People are moving in droves from last century cities looking for warmer weather, the ability to be outside for more of each year, the presence of smart jobs and the presence of an embarrassing oversupply of high tech employers. The wildfires are chasing people out of California and Oregon, last century hate politics  and lower educational achievement are making Southeastern states unbearable for nice people and smart people, and the rust belt has run out of jobs. Everyone else is trying to escape the cold. 

But if you have visions of re-locating to Austin you should know that it's currently the most expensive city in all of Texas in which to live. Property taxes are high and housing prices in the city proper are much higher than national averages. You'll need one of those high tech jobs to make it all work. So dust off those post graduate degrees before you fire up the mini-van and load up the roof rack.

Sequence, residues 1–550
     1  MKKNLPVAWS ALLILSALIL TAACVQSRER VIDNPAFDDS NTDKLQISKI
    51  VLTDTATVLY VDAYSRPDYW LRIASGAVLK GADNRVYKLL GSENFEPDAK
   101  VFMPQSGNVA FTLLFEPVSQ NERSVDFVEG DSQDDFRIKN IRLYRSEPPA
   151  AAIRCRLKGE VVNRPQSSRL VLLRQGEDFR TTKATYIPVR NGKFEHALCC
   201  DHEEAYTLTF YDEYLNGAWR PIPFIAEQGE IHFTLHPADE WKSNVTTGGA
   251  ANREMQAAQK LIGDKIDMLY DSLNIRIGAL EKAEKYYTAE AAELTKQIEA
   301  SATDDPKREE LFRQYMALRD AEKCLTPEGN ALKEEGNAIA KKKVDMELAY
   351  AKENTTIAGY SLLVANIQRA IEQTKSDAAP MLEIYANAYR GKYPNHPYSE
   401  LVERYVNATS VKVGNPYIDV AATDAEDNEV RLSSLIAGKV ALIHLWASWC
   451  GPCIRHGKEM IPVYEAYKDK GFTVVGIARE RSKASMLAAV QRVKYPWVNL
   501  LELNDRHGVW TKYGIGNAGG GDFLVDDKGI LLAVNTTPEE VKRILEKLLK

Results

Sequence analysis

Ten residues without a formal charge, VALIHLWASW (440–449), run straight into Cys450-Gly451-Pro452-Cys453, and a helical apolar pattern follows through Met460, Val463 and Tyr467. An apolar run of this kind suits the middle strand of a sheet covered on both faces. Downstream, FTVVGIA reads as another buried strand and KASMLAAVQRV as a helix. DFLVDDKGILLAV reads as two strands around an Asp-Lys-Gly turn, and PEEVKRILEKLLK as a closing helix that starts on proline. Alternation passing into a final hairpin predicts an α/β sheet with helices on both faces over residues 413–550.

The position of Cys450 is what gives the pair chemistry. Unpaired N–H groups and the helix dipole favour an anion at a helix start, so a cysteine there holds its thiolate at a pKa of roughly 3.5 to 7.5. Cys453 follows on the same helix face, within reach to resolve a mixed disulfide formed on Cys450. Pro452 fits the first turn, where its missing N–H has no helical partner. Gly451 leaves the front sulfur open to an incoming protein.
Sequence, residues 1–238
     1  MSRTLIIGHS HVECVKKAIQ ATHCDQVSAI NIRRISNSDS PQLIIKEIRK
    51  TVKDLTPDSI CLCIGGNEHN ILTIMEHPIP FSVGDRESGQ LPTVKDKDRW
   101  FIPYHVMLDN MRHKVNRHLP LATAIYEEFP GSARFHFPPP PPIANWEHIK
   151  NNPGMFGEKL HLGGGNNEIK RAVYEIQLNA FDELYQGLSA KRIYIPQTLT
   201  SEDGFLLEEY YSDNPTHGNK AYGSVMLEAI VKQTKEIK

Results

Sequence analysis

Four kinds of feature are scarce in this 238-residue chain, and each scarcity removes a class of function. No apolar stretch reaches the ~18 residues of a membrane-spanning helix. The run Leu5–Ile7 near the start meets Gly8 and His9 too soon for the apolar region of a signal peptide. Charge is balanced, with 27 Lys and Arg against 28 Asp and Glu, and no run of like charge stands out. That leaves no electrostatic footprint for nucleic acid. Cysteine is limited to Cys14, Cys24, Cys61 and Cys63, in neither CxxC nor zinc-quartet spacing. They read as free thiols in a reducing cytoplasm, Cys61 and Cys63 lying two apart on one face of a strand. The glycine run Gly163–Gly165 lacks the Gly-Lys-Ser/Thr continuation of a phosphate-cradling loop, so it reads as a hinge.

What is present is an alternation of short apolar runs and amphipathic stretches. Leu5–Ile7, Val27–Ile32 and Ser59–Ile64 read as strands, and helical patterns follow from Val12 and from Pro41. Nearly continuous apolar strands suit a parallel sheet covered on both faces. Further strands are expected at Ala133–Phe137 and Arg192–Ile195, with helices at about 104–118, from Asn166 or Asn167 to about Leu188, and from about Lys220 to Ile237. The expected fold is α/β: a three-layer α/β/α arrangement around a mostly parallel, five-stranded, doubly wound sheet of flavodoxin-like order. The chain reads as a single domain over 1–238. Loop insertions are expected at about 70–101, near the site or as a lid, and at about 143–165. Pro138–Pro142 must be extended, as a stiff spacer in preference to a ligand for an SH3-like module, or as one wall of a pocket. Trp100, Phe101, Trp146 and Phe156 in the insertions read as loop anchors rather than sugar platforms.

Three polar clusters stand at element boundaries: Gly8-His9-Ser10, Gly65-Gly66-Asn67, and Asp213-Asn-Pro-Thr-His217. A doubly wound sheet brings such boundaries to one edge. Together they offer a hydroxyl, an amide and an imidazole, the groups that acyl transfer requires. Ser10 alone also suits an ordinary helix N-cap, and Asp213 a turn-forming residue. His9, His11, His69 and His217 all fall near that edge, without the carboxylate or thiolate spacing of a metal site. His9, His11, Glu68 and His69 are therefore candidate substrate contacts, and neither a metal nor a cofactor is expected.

Current prices for "tear downs" in the most desirable neighborhoods of West Austin have, on average, breached the one million dollar mark and even at those prices the market is red hot. I never imagined we'd see single family house lots hit that dollar amount but here we are. And if Forbes is right this is only the beginning. 

Funny that "bluest" city in Texas, replete with a liberal, democrat mayor, boasts first place as the desired destination for employers and families in a comparison with the rest of the country. 

On my walk today I saw and cataloged at least ten new 20 story or higher buildings in various states of construction in the core of downtown. That's just in one small area. The giant cranes are a fixture in every corner of the city and in many of the quickly growing small towns that surround our city. It's a region poised for quick and continued growth. Just remember, markets ebb and flow...